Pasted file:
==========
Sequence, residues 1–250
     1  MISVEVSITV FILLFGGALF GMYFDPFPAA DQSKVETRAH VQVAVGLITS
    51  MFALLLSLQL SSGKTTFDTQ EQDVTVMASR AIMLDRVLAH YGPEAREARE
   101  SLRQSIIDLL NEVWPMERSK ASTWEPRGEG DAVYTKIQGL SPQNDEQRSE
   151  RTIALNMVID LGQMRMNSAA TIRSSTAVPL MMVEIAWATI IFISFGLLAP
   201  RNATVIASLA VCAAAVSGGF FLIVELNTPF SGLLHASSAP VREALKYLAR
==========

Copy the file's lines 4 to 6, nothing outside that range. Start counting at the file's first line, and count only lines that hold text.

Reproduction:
   101  SLRQSIIDLL NEVWPMERSK ASTWEPRGEG DAVYTKIQGL SPQNDEQRSE
   151  RTIALNMVID LGQMRMNSAA TIRSSTAVPL MMVEIAWATI IFISFGLLAP
   201  RNATVIASLA VCAAAVSGGF FLIVELNTPF SGLLHASSAP VREALKYLAR